What is Granite?
From the pyramids of Ancient Egypt, to the world famous Ailsa Craig curling stones from Scotland, man has proved the dependability of granite since antiquity.
As a course textured rock in which the grains are visible to the naked eye, granite is a form of igneous rock (from the Latin ignis, meaning fire), and is formed under extreme conditions brought about by a change in activity at the earth’s crust. Such activity may result in a combination of intense heat, a change in the composition of magma, or a decrease in pressure. The molten rock will eventually solidify, either above or below the earth’s surface, and will be made up of a wide variety of minerals.
Typically, granite is a compound of upwards of 20% quartz and up to 65% feldspar minerals rich in ionic salts (alkali elements), potassium and sodium. These minerals form a granular structure interspersed with contrasting elements such as mica, or silicates, each of which contribute to the spectrum of colours seen in granite. On a small scale this creates the ‘glitter’ evident in some examples of granite; on a larger scale, these minerals can give magnificent effects such as can be seen in the kitchen sink surround shown above (displayed in our showroom near Ruthin, North Wales).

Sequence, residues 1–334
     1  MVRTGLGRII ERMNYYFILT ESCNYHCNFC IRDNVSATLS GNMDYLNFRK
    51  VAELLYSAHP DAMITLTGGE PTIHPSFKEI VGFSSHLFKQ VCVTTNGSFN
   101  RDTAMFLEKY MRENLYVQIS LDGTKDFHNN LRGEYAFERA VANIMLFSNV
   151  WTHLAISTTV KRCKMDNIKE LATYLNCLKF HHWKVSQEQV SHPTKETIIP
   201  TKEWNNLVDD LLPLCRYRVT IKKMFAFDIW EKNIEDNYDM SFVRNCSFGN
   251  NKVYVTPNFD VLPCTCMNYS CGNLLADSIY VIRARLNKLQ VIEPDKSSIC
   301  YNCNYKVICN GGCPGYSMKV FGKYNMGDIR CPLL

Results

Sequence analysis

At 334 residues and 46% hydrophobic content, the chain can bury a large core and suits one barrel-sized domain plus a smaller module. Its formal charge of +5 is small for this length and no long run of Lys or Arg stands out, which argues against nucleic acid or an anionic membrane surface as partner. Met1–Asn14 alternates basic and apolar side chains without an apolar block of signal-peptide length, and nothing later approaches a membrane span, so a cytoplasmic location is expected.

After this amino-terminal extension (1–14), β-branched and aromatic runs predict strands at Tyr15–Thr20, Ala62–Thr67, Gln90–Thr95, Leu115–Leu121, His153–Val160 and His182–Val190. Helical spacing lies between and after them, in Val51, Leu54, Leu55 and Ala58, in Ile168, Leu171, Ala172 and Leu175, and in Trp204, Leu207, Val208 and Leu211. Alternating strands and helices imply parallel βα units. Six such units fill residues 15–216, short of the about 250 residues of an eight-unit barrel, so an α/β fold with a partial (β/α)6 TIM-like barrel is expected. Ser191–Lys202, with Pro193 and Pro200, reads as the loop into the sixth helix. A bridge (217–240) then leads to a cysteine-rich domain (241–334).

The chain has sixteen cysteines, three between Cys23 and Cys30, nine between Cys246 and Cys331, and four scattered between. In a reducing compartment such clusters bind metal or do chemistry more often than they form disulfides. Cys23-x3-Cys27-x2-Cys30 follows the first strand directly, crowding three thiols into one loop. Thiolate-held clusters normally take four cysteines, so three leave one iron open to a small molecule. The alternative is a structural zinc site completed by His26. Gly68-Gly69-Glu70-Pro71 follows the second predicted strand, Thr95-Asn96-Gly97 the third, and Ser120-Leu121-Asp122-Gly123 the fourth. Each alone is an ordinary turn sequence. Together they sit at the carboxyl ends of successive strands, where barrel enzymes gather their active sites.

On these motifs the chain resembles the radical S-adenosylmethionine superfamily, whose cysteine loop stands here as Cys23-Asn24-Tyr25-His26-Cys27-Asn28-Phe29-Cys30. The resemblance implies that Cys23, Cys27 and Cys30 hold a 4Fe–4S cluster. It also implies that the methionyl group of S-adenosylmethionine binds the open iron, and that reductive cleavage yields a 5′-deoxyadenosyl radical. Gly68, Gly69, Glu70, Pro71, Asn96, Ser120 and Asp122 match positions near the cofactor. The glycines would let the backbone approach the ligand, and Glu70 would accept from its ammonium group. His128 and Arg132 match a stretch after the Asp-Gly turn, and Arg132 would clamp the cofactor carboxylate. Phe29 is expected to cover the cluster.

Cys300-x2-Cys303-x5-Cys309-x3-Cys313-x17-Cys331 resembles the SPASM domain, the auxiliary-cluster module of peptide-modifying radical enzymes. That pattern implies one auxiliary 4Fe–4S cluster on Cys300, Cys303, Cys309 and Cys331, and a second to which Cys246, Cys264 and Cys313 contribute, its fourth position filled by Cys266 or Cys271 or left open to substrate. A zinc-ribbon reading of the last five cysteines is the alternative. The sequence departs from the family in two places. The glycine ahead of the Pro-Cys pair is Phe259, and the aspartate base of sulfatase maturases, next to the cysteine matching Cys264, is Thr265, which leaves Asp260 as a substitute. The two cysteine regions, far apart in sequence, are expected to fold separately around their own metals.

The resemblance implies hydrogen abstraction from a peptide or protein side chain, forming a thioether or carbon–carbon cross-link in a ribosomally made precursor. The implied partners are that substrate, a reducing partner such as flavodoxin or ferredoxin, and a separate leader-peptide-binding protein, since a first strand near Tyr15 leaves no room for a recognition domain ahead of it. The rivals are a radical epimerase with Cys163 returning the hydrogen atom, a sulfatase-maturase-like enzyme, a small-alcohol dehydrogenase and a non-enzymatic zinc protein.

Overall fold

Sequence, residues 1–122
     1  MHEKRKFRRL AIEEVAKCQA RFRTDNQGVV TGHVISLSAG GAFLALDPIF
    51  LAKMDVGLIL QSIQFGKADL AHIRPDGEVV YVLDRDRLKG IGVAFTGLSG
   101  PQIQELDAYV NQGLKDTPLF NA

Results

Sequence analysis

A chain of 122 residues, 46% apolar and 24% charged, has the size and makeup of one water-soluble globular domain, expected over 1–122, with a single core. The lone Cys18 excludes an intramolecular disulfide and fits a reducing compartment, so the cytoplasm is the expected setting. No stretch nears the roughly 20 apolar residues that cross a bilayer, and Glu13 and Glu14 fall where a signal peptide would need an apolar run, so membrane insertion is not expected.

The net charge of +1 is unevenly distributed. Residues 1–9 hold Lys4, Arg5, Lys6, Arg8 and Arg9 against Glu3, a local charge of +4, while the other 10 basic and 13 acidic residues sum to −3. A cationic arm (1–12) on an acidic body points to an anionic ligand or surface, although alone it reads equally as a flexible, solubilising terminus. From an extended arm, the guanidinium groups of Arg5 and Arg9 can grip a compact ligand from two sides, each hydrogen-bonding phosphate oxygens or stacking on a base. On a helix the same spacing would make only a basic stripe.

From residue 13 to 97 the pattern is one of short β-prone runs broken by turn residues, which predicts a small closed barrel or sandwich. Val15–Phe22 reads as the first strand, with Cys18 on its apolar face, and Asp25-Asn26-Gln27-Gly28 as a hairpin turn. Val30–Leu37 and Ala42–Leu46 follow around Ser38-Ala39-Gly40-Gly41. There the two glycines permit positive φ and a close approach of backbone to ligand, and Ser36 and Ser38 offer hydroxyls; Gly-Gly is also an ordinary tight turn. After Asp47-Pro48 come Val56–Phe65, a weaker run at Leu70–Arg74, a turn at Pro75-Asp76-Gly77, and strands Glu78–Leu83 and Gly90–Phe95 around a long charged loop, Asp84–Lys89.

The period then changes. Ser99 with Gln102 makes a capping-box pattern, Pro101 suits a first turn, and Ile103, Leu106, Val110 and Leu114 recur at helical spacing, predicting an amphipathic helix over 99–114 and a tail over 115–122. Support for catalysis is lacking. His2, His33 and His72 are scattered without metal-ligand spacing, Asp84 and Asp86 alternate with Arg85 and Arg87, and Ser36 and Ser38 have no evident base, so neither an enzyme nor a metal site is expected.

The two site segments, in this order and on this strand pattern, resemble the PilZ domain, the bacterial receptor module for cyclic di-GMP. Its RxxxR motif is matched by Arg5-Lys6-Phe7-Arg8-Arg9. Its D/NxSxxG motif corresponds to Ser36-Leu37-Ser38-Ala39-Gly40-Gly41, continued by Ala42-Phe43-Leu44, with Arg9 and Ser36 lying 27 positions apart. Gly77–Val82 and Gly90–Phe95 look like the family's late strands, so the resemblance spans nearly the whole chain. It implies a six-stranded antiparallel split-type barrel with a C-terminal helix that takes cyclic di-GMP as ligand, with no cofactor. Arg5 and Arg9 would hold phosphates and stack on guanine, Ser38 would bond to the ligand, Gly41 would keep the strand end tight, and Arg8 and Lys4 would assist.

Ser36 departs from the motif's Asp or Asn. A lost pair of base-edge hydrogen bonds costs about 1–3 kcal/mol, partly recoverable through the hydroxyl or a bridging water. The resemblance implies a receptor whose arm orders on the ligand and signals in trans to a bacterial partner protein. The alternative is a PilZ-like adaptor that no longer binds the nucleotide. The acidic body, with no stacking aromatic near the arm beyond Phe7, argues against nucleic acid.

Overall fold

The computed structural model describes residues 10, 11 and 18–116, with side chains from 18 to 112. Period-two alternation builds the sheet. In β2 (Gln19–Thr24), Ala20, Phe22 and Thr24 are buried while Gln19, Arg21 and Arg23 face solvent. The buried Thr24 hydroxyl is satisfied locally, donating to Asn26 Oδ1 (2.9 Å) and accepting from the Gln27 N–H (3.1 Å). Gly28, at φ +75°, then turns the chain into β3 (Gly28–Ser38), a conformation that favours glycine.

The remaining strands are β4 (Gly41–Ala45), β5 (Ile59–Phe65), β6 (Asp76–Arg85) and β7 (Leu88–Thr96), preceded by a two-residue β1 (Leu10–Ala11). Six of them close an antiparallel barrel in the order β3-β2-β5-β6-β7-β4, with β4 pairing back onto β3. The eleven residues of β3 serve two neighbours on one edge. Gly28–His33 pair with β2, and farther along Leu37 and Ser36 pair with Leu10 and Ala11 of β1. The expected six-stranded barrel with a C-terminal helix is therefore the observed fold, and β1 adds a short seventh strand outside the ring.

Shades of pink typically result where there is a high density of potassium present. Granite that has taken a deep red colour, however, will also contain iron oxide derived from hematite. Where mineral types overlap in the composition of granite, colour is not normally so definitive, but they cannot fail to add to the unique beauty of the rock overall. Be they muscovite minerals producing glamorous golds or pale yellows (as seen above), or biotites boasting black or warm browns, granite offers a wealth of choice in both colour and pattern.
Versatile and dependable, granite is one of the most attractive natural materials for use anywhere inside the home beyond kitchens and bathrooms. Highly polished granite takes on a mirror-like quality, doing much to highlight the texture within. Door sills and jambes, floor tiles, thresholds and stairs are among popular design elements in domestic applications. In a commercial setting, granite has been used to great extent as paving, and in construction it is often used for monuments and bridges.